Bermúdez named director of Center for Programs

José Luis Bermúdez, Ph.D., professor of philosophy in Arts & Sciences, has been named director of the University’s Center for Programs effective July 1, announced Edward S. Macias, Ph.D., executive vice chancellor, dean of Arts & Sciences and the Barbara and David Thomas Distinguished Professor in Arts & Sciences.

José Bermúdez
José Bermúdez

“I am pleased that José is assuming leadership of the Center for Programs,” Macias said. “His creativity, ability to work with many different groups and desire to advance Arts & Sciences have combined to advance the Philosophy-Neuroscience-Psychology program in exciting new directions, and I am confident that the same enthusiasm will mean great things for the Center for Programs. We couldn’t have a better spokesperson for interdisciplinary teaching and scholarship than José Bermúdez.”

Established in 2005, the Center for Programs is designed to promote interdisciplinary teaching and research in Arts & Sciences. For the past two years, Center programs have been shaped by founding director Gerald Early, Ph.D., the Merle Kling Professor of Modern Letters and professor of English, African & African American studies and American culture studies. Early will continue as director of The Center for the Humanities in Arts & Sciences.

Bermúdez, who studies non-linguistic thought in children and animals, as well as the nature of self-consciousness, joined the University in 2003 as professor of philosophy and director of the University’s Philosophy-Neuroscience-Psychology Program, both in Arts & Sciences. He has more than 100 publications, including three single-authored books and four edited volumes.

A member of the McDonnell Project on Philosophy and Neuroscience, Bermúdez earned a doctorate from Cambridge University in 1992 and served previously as the chair of philosophy at University of Stirling, Scotland.

Bermúdez will work with Macias and the Academic Planning Committee to review interdisciplinary programs in Arts & Sciences. He’s looking forward to expanding the center’s interdisciplinary mission.

“Excellence in interdisciplinary teaching and research is one of Washington University’s greatest strengths, and the Center for Programs is almost unique among American universities in its mission of promoting scholarship and student learning across the traditional boundaries of academic disciplines,” Bermúdez said.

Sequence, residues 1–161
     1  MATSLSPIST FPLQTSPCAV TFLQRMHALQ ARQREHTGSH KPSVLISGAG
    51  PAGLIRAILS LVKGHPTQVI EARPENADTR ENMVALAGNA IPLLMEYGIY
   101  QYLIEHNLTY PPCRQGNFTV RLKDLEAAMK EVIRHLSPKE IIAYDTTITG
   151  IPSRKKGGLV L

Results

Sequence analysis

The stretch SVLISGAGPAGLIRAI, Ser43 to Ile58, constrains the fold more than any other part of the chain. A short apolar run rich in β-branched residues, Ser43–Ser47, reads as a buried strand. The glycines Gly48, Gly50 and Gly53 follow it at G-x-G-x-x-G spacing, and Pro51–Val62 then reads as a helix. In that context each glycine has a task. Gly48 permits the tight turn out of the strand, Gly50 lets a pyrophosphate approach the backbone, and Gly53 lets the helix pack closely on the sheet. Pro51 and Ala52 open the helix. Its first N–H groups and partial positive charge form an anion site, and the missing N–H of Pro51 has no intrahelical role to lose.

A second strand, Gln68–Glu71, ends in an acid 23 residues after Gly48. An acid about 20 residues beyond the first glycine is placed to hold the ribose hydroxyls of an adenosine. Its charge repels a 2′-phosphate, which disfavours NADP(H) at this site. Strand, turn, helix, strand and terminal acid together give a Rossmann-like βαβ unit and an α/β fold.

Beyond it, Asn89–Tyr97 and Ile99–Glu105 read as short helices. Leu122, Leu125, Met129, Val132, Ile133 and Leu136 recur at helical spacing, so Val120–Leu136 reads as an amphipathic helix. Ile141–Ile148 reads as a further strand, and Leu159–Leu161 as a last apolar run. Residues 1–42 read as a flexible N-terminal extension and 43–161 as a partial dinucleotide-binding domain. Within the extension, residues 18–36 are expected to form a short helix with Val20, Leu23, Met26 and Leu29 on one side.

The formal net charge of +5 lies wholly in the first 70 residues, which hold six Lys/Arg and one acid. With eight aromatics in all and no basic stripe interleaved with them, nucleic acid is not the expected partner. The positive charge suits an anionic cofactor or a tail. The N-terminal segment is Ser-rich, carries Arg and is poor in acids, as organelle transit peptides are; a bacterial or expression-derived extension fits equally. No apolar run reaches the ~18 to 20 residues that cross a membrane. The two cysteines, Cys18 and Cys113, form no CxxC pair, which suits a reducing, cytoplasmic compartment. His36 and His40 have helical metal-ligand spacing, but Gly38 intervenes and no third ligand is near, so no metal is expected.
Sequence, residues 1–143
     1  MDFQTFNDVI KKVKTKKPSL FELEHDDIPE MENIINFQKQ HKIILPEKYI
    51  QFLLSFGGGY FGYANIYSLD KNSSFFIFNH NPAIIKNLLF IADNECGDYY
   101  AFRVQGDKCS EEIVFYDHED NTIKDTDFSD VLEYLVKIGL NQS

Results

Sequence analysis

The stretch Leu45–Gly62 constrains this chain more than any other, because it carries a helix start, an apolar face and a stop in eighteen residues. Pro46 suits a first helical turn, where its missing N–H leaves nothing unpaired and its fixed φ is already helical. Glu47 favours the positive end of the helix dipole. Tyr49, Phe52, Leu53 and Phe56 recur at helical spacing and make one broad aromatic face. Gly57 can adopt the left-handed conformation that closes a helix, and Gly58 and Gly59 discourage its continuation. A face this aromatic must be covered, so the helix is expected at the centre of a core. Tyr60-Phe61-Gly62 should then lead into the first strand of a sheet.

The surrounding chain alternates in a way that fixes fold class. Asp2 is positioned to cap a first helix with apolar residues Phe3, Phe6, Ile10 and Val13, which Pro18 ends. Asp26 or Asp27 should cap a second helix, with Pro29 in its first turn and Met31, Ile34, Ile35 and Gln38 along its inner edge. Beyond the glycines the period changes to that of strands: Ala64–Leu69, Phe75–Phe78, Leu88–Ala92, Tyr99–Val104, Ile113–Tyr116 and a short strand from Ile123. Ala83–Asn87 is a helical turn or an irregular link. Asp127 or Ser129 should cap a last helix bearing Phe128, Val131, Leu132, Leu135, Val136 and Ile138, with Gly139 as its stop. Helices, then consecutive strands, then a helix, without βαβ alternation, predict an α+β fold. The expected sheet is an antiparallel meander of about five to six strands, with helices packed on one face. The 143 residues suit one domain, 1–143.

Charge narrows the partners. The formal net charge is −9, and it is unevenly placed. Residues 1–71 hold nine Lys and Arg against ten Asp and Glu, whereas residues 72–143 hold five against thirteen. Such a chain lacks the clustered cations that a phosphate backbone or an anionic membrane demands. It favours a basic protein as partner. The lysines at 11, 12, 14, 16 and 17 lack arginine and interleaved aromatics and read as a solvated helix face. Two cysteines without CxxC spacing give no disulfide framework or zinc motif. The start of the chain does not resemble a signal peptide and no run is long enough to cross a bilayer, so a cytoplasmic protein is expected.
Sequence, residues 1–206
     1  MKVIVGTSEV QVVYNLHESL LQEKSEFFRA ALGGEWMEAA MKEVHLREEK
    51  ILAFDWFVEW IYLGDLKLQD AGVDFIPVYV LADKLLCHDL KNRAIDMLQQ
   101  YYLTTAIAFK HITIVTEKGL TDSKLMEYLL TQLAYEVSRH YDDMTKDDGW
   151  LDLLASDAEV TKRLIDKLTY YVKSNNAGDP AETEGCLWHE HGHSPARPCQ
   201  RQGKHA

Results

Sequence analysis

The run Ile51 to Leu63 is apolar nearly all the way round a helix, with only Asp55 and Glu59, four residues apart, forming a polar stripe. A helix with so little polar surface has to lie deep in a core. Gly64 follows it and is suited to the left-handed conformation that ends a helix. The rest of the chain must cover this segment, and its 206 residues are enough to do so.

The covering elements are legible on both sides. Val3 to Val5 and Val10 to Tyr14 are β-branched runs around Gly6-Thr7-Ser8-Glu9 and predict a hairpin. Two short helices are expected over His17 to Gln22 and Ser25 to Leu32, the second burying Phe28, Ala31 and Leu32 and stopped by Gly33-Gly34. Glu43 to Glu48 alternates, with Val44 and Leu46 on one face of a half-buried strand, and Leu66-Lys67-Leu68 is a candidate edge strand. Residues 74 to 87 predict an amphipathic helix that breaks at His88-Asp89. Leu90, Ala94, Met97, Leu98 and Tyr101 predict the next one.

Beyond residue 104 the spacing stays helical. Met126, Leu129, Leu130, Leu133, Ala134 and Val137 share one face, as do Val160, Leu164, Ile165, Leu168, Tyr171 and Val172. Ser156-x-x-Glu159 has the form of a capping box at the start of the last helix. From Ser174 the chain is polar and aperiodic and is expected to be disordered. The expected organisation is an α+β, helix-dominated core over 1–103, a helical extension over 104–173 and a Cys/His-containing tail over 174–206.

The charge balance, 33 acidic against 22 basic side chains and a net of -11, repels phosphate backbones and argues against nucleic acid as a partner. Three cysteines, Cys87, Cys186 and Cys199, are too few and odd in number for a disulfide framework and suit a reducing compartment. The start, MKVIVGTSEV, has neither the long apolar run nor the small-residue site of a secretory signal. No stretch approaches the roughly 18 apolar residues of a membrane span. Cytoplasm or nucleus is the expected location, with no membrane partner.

“It is an honor to continue Gerald Early’s achievements as founding director of the Center for Programs. I’m greatly looking forward to working with members of the executive board to support and strengthen interdisciplinary collaborations within Arts & Sciences — and between Arts & Sciences and the other schools.”

Bermúdez already has been active in organizing a National Science Foundation-funded collaborative workshop with the Center for Research in Psychology and Cognitive Science at Tsinghua University in Beijing.

Held at Tsinghua from July 16-21, the “U.S.-China Joint Workshop on Memory and Language: Interdisciplinary Perspectives” involved Bermúdez and seven other faculty from the departments of psychology, philosophy and education in Arts & Sciences, in addition to participants from Duke and Tufts universities, and the University of North Carolina, together with graduate students from Washington University.

Since its founding, the Center has awarded five “seed” grants for interdisciplinary joint faculty projects and two grants for student interdisciplinary projects. In April, the Center hosted a faculty workshop exploring the who, how and why of collaborative interdisciplinary research. A follow-up workshop on funding interdisciplinary research will take place in September 2007. The center also publishes a newsletter, Cross Currents.

The Center for Programs executive board is composed of the directors of the following Arts & Sciences programs and centers: African & African American Studies, American Culture Studies, The Center for the Humanities, Center for the New Institutional Social Sciences, Center for the Study of Ethics & Human Values, Environmental Studies, Film and Media Studies, Interdisciplinary Program in Archaeology, Interdisciplinary Project in the Humanities, International and Area Studies, Jewish, Islamic and Near Eastern Studies, Legal Studies, Philosophy-Neuroscience-Psychology, Religious Studies and Women and Gender Studies.